Enhancing the School Success of Boys of Color Grades PreK-3

Report
Enhancing the School Success of
Boys of Color Grades PreK-3
Train-the-Trainer Summer Institute
Lansing Public Schools
July 20, 2011
Dorinda J. Carter Andrews, Ed.D.
Agenda
• Module 5 Activities
– Discuss Chapters 10 and 11 from Minds of
Boys
• BREAK
• Module 5 Activities (continued)
– Teach Like a Champion – Chapter 2 (Planning
that Ensures Academic Achievement)
– Reflection and Practice
– Teach Like a Champion – Chapter 4 (Engaging
Students in Your Lessons) text
Module 5
Using Instructional Approaches that
Motivate and Engage Boys of Color
Causes of Undermotivation
for Boys
The boy’s brain itself
The school system
Family dynamics
Environmental social stressors (e.g.,
poverty, peer pressure, violence,
etc.)
Lack of positive “male motivators”
Gifted Underachieving Boys
• Many students go unnoticed as high-ability nonachievers. The nonachievement and
undermotivation usually stems from:
– Low academic self-esteem
– Negative attitudes towards teachers
– Low motivation and self-regulation skills
– Negative attitude toward school
– Negative attitude toward course offerings
– Low goal-setting/self-evaluation skills
What Teachers Can Do
Ten Effective Strategies for Motivating Boys (of
Color):
1.Formally check in with boys of color daily
2.Target BOC for in-class activities by using
specific strategies to engage them in topics of
interest
3.Sit them near the front of the class
4.Modify teaching methods to include less verbal
instruction and more hands-on activities while
letting nonverbal-, non-writing-type students do
more work on the computer than you might
otherwise allow
What Teachers Can Do
5. Let boys move around physically while
they are reading, writing, learning, and
even using the computer
6. Give boys soft objects to squeeze in
their hands constantly so that they can
keep their brains stimulated physically
and thus avoid the rest state.
7. Design school and/or class schedule to
fit the student brain.
What Teachers Can Do
8. Make physical education a priority
for student motivation – especially
for underperforming males
9. Provide smaller schools and
classroom sizes when possible; it
helps motivate boys.
10.Provide all undermotivated boys
with a mentor
Brainstorming/Strategies
In your building teams, use 15 minutes
to identify strategies at the
classroom level and building level for
identifying and addressing the
needs of
undermotivated/underperforming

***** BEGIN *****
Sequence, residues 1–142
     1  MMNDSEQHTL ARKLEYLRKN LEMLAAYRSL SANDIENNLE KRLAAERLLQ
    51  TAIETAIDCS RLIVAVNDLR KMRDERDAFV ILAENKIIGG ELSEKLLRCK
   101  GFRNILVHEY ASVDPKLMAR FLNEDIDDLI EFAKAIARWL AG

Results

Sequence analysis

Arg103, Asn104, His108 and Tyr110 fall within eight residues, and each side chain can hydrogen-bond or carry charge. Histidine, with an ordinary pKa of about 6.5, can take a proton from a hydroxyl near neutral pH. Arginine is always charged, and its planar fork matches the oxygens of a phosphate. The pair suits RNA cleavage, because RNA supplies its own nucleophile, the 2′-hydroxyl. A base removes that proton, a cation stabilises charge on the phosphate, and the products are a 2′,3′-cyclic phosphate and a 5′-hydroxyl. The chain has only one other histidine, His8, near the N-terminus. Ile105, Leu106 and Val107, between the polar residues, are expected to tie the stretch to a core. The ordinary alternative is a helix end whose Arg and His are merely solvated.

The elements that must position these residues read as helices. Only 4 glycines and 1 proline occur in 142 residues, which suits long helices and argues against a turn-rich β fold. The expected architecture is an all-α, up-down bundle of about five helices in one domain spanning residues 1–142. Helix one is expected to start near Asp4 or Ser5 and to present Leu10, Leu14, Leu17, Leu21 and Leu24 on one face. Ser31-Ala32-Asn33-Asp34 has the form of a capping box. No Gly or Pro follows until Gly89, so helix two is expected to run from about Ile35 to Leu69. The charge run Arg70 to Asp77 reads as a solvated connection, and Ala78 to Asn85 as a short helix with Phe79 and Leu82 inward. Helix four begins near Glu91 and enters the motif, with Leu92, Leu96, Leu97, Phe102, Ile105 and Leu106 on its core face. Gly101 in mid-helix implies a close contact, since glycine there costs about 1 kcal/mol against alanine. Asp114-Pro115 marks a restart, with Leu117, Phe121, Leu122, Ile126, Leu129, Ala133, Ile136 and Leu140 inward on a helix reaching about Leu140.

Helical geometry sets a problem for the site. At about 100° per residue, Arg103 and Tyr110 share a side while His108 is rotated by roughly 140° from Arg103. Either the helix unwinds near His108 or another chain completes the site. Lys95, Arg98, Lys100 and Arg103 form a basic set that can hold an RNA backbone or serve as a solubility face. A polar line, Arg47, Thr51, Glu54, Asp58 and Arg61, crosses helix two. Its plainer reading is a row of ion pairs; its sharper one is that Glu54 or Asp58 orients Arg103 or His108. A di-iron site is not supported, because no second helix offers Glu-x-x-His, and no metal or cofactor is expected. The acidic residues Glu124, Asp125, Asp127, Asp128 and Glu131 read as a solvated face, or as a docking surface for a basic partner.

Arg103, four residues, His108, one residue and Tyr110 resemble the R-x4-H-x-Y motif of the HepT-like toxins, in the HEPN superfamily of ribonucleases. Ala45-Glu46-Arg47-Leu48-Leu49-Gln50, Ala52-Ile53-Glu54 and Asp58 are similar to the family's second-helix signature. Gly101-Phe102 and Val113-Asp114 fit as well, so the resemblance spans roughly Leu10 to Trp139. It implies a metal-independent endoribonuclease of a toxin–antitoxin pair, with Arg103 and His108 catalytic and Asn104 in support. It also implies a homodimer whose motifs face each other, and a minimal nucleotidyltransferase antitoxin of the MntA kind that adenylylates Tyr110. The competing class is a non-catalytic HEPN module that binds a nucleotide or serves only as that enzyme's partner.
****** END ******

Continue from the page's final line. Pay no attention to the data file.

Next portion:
boys of color
Planning that Ensures
Academic Achievement
Teach Like a Champion Techniques
 #6 – Begin with the End
 #7 – 4 M’s
 #8 – Post It
 #9 – Shortest Path
 #10 – Double Plan
 #11 – Draw the Map
Planning that Ensures
Academic Achievement
• Golden Nuggets/Insights
– Consider as a learning objective: “As adults
my children will . . . (Begin with the End)
– Double Plan technique: knowing what you will
say as well as what the child will learn and do
is critical
– Begin with the end in mind
– Connections to Stephen Covey’s ideas
– Teachers need to really know what the
standards mean for today’s lesson
– Post-It requires the visual reminders. This is
very important
Reflection and Practice
• Activity 5.1
– In building teams, choose one of the
questions (1-4) on pp. 69-70 in Teach
Like a Champion, and work as a group
to answer it.
– Task Time: 25 minutes
– Report Out to follow
Engaging Students in Your Lessons
Teach Like a Champion techniques
 #22 – Cold Call
#23 – Call and Response
#24 – Pepper
#25 – Wait Time
#26 – Everybody Writes
#27 - Vegas
Engaging Students in Your
Lessons
• Golden Nuggets/Insights
– With Cold Call, there must be a classroom
culture where kids feel safe; similar to
Socratic method
– Stay positive! Scaffold!
– Cold Call/Pepper: allows for involving more
students in the conversation/engaging
more students
– Call & Response: movement and music can
be used with this strategy
Reflection and Practice
• In small groups, answer questions 1
and 5 on p. 144 in Teach Like a
Champion.
• Task Time: 15 minutes
• Report Out to follow
What Stuck?
• An ‘Aha’ moment
• A pleasant surprise
• Something that you had to struggle with to
understand
• Something that you don’t agree with
• Something that you agree with strongly
• Something you thought was particularly interesting
• Something you didn’t expect
• An insight or solution
• Something you want to know more about/A
question that you have

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